|Amazon Price||New from||Used from|
Captain McVay was quickly court-martialed for having failed to follow evasive maneuvers, "the first captain in the history of the U.S. Navy," Doug Stanton observes, "to be court-martialed subsequent to losing his ship in an act of war." Although the sailors under his command would insist that McVay had been scapegoated, and although I-58's commander testified before the court that "he would have sunk the Indianapolis no matter what course she was on," McVay was never able to clear his name. He committed suicide in 1968.
Stanton captures the drama of these events in his vigorous narrative, which augments and updates Richard Newcomb's Abandon Ship!. Stanton observes that although McVay was exonerated by an act of Congress in 2000, the conviction still stands in Navy records. Stanton's book makes a powerful case for why that conviction should be overturned, and why the captain and crew of the Indianapolis deserve honor. --Gregory McNamee --This text refers to an out of print or unavailable edition of this title.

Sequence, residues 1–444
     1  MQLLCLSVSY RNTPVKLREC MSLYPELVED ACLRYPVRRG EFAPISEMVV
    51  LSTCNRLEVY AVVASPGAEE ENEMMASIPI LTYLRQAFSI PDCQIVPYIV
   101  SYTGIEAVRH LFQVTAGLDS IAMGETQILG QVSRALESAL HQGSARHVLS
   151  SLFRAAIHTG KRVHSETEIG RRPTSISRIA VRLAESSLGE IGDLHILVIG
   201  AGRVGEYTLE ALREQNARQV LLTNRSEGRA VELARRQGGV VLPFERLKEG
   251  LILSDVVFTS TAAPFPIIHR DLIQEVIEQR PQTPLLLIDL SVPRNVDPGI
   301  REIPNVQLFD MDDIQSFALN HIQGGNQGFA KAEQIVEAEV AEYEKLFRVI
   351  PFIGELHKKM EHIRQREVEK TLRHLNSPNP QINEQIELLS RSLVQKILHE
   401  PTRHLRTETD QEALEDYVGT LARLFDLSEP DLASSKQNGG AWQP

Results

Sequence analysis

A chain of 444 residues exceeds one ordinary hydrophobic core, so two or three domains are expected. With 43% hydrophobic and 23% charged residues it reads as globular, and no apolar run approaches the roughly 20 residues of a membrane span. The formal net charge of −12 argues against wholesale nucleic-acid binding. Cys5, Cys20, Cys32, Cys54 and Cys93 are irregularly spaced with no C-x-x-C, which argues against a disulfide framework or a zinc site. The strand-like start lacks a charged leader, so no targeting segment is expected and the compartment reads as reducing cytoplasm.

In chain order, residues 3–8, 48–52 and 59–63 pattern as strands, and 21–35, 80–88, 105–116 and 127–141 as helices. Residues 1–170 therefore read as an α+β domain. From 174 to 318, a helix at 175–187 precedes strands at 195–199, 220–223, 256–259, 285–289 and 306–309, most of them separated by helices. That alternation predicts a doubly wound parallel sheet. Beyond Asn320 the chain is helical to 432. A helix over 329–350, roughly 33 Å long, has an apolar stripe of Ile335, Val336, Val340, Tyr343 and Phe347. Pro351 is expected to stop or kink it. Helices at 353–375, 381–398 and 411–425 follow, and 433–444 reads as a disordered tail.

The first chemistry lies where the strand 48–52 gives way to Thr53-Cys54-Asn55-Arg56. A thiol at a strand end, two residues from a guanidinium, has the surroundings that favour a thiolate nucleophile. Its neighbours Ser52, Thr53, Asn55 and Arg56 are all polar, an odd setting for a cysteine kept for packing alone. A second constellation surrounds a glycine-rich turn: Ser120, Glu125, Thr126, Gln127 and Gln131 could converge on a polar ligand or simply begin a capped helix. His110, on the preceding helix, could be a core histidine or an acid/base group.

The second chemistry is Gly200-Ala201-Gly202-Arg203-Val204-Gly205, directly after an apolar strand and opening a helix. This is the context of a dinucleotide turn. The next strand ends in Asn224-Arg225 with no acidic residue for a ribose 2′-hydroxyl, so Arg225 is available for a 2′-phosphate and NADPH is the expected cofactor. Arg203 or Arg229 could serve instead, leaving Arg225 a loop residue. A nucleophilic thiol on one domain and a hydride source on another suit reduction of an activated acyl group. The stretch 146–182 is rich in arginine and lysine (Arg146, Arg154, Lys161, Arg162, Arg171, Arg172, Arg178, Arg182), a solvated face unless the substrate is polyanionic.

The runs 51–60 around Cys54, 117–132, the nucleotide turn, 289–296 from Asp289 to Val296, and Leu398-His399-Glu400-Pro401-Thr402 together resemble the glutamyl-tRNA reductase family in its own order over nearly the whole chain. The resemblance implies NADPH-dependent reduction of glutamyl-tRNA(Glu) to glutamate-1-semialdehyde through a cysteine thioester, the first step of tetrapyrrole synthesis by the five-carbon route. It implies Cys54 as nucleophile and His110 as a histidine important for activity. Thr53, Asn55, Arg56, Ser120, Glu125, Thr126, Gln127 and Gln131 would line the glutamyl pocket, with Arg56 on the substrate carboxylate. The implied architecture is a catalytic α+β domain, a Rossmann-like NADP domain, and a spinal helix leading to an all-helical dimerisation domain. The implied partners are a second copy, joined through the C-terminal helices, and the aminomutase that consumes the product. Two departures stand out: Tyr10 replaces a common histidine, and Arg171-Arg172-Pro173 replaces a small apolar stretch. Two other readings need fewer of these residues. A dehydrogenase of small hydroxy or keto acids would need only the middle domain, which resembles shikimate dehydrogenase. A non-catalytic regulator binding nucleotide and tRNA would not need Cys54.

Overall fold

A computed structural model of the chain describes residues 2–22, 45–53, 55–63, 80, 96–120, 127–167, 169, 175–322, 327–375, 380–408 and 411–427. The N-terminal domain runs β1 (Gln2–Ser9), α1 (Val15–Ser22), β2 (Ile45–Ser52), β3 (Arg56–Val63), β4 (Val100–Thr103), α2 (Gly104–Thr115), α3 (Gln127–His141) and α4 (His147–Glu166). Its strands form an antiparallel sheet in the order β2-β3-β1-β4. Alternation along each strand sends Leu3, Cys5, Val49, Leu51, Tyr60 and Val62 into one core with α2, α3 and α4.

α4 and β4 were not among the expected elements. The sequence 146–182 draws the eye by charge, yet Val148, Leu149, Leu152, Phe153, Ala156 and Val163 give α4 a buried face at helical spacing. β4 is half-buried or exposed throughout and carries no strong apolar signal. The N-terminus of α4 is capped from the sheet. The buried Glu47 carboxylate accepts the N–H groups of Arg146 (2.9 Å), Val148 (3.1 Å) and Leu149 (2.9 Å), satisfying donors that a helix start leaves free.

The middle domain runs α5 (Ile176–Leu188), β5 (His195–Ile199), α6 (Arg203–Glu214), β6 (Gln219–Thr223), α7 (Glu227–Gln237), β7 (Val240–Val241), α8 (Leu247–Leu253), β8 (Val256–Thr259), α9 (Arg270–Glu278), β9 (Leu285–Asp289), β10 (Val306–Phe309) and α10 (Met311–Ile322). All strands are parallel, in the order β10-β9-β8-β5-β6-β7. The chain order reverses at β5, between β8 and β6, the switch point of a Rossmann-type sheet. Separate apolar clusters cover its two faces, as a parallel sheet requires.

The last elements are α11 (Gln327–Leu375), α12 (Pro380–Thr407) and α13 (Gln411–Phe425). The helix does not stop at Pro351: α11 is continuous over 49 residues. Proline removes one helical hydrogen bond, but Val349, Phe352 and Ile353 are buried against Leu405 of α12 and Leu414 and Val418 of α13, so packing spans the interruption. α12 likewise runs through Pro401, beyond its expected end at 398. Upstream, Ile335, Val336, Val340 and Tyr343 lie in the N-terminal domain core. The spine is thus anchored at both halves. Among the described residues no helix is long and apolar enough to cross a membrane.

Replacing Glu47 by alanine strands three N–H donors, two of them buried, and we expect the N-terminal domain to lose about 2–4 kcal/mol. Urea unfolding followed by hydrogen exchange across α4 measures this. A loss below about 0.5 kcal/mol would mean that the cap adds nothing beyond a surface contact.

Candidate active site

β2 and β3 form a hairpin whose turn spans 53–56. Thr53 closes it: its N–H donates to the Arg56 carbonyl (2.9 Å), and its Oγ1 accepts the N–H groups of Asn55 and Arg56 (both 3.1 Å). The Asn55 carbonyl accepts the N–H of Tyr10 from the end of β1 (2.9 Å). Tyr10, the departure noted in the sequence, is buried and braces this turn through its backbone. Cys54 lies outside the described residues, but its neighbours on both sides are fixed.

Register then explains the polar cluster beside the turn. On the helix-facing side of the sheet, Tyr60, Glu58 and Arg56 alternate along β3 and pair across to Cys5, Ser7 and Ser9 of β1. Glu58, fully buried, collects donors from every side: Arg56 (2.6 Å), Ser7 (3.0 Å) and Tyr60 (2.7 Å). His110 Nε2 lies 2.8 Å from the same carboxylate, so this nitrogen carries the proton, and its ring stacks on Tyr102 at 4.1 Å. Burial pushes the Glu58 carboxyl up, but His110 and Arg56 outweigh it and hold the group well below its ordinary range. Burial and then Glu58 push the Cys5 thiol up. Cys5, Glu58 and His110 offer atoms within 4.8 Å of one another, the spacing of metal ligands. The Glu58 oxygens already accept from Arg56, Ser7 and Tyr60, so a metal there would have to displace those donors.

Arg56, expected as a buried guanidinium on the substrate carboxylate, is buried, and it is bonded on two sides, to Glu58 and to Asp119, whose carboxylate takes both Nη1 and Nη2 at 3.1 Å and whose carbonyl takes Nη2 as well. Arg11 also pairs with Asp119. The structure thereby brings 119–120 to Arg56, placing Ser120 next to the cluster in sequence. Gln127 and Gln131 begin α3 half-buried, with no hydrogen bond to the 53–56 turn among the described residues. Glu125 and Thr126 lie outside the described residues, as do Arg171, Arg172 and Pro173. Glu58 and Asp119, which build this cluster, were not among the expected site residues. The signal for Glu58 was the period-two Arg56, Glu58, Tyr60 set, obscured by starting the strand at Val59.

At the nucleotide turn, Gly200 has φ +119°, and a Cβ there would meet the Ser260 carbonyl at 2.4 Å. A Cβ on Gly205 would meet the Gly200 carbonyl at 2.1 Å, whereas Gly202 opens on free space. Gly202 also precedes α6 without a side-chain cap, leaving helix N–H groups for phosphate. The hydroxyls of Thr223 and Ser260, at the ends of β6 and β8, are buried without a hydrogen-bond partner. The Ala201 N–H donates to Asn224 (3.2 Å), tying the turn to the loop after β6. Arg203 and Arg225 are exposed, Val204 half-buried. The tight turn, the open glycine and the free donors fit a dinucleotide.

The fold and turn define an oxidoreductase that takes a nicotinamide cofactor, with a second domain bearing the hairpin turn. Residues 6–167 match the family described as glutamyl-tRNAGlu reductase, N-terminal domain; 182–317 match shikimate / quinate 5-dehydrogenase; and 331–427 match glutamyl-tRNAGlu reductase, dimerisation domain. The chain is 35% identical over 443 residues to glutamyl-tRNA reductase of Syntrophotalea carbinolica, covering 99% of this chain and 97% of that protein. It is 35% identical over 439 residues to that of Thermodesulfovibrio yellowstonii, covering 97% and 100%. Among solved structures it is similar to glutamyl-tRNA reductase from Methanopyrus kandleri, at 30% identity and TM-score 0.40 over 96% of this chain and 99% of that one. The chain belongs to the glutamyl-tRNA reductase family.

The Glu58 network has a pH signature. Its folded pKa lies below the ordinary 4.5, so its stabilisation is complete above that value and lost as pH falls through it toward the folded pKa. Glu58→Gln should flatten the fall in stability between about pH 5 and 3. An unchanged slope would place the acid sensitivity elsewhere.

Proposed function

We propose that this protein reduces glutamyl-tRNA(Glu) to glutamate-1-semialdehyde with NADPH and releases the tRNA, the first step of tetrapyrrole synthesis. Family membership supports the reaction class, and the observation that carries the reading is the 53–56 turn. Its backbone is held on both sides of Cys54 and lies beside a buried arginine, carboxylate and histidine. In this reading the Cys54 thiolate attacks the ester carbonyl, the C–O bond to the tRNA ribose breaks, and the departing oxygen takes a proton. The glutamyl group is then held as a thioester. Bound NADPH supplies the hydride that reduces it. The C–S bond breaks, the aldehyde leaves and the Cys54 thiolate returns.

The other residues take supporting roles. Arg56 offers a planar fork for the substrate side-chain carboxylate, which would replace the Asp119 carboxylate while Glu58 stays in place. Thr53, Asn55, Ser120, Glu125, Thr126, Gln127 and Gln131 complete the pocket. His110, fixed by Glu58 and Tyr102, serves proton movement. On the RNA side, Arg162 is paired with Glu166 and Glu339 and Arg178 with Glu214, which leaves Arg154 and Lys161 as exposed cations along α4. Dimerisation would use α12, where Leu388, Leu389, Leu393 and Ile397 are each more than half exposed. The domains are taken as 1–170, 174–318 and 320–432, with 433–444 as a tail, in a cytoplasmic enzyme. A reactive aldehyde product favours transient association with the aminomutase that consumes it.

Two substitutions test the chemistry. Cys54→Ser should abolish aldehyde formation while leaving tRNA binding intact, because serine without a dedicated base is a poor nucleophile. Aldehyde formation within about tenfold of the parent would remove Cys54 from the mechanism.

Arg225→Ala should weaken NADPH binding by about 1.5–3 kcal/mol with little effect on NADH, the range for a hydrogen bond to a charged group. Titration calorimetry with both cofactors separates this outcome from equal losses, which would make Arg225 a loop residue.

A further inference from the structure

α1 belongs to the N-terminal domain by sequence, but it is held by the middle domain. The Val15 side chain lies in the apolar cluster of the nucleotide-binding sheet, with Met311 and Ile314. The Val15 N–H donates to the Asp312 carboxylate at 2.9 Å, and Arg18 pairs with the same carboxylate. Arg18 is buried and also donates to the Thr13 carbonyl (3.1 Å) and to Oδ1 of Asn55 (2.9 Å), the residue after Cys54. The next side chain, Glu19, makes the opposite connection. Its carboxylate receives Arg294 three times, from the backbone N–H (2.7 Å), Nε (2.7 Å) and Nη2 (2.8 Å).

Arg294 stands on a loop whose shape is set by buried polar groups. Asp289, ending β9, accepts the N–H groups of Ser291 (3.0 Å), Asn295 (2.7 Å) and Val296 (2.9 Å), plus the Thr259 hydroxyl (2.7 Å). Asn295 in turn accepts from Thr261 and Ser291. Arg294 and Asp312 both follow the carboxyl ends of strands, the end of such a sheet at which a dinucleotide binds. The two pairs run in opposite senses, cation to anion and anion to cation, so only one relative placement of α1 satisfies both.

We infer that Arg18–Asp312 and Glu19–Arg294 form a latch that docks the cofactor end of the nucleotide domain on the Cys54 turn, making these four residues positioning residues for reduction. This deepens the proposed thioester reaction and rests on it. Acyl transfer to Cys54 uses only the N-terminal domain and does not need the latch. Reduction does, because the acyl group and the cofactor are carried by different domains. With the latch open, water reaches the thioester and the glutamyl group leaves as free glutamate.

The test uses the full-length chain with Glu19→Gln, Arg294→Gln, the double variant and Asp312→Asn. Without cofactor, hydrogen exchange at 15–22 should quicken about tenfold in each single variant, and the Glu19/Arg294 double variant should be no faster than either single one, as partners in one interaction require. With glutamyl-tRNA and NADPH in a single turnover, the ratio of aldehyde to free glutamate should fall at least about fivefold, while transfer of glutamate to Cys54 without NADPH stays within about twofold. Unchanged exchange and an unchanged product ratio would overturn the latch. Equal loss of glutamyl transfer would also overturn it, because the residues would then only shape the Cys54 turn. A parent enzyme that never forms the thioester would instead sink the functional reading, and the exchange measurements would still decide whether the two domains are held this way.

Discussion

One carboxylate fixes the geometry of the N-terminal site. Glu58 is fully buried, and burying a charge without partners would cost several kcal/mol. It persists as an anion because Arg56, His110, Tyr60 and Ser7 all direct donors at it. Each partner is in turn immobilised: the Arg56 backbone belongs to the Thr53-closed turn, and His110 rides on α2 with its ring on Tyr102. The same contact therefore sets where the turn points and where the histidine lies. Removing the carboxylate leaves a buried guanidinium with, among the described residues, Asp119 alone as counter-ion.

Copyright 2001 Cahners Business Information, Inc.--This text refers to an out of print or unavailable edition of this title.
This was an excellent, compelling book. It tells the tragic, haunting tale of the USS Indianapolis and her crew immortalized in the popular movie Jaws. Read morePublished 16 days ago by T H Dude
A detailed account of a horrible mistake. Doug Stanton takes you on a secret journey of American pride and patriotism to end the War with Japan. Read morePublished 17 days ago by Frank Dobrowski
The book was very detailed as if I was in the story itself. It was very graphic and at times it was a little hard to turn the page when reading about the hallucinations and the... Read morePublished 1 month ago by Thomas Schandolph
Wanted to read about this naval tragedy since hearing the story told on Jaws. Very well-written. For anyone interested in history that reads like fiction.Published 1 month ago by S. L. Powers